A few weeks ago, I was hopelessly addicted to the historical drama, The White Queen. I went on to read The White Princess by Philippa Gregory straight after and while the book didn’t deliver quite in the way I had hoped, I did enjoy it and I did fall in love Henry and Elizabeth, so I took a chance on watching the TV adaptation and this is definitely a case where the adaptation trumps the original book.
In brief, the series synopsis reads as follows:
In a tale of power, family, love and betrayal, “The White Princess” — adapted from Philippa Gregory’s best-selling novel of the same name — follows up the BBC/Starz miniseries “The White Queen.” It’s told from the perspective of three noblewomen waging an ongoing battle for the English throne at the conclusion of the War of the Roses. Promised in marriage to the newly crowned King Henry VII in hopes that it will unite the Kingdom, Princess Elizabeth (aka Lizzie) instead resents and plots against him. She matches wits and wills with Lady Margaret Beaufort, King Henry VII’s mother, each maneuvering to gain his trust. Meanwhile, Lizzie’s mother, Dowager Queen Elizabeth Woodville, struggles with rumors that her long-lost son Prince Richard is alive — forcing Elizabeth into choosing between her new Tudor husband and the boy who could be her own blood and the rightful York King.
This synopsis truly gives little away in terms of story development, but The White Princess is every bit as good as the series it follows on from, The White Queen, and both are now at the top of my list of favourite historical dramas. Interestingly, The White Princess picks up two days after the point where The White Queen left off. However, four years separate these two series and a whole new set of actors are in The White Princess (bar one – Caroline Goodall plays the same character in both, the Dowager Queen Cecily, a nice dash of continuity). I thought this might have been disconcerting but it in the end, it didn’t bother me a bit. The 2017 cast is terrific and mould themselves to their characters exceptionally well. An old Game of Thrones face plays the King’s mother – Michelle Fairley, who was Caitlin Staark in GOT – and she’s pretty sensational as the devout and scheming Lady Margaret.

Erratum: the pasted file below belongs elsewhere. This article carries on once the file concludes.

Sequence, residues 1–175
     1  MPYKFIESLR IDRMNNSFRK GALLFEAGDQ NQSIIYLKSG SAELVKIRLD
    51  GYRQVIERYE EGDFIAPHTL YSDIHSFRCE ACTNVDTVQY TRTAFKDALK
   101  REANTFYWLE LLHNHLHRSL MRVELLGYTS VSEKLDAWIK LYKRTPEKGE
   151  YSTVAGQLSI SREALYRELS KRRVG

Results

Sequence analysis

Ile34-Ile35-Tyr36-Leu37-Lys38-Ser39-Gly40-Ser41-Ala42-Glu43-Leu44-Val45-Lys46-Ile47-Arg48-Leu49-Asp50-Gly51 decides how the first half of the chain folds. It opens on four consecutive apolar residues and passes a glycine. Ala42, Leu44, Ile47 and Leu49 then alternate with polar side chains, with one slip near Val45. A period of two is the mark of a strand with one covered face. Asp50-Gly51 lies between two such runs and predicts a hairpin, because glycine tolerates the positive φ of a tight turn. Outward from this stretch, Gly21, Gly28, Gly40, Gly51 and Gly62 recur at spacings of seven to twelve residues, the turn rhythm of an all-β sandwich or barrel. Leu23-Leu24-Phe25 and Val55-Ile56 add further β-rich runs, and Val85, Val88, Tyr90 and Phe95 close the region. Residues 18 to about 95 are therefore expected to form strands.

But who do I love the most? Henry and Elizabeth, of course. In the TV series, I got what I was missing from the book. The TV series is as much an examination of their relationship as it is a portrayal of court politics. Both of these characters are far stronger on the screen than they ever were on the page. Within the book, Elizabeth was more Henry’s Queen, yet in the TV series, she becomes THE Queen, with her royal heritage coming to the fore. Henry is more solid within the TV series, his honour showing through and its weight on his decisions more apparent. Elizabeth is shown to have more influence, not only over him, but with the people too, which makes a lot of sense given her royal upbringing. She also stems from a long line of strong women and as she grows into her Queendom, she becomes more formidable, more intent on cleaning up the kingdom and taking care of business. She is forced to make a heartbreaking choice, yet she is not the first monarch in history to have secured the throne by means of murder. In fact, holding the throne without murdering someone seems to be more of a modern inclination! I wanted so much to like Henry throughout the book but the author seemed determined to not let us. With the TV series, this was not the case. Henry still doubted and feared, but he was honourable and devoted, in love with his wife and deferred to her opinion increasingly as the years went by. She brought an army to battle for him and secured the house of Tudor in his name. There is nothing he wouldn’t have done for her, including giving up the throne to secure her safety. Theirs was a splendid love story and a monarchy ruled as a partnership. They may have entered the marriage agreement as enemies but they soon realised they had more in common, and more to gain in partnership, than they had initially thought. These two were the parents of King Henry VIII and the grandparents of Queen Elizabeth I, two long reigning and historically significant rulers. While this TV series is only an interpretation of the true history, I liked the way it played out.
“We are as one.” – Elizabeth to Henry after the removal of the last York heirs.
If you love historical dramas, I urge you to give this one a view. While it follows on from The White Queen, it still does well as a stand alone, and there’s also no real need to read the book beforehand. The costumes were glorious, Elizabeth looking every inch the magnificent Queen and Henry splendid as King. I’m not sure of the authenticity to the era of some of the plunging necklines worn by Elizabeth, but all in all, stunning fabrics and headpieces. I’m not sure if the history allows for a second season, but if it was to eventuate, I’d definitely be watching!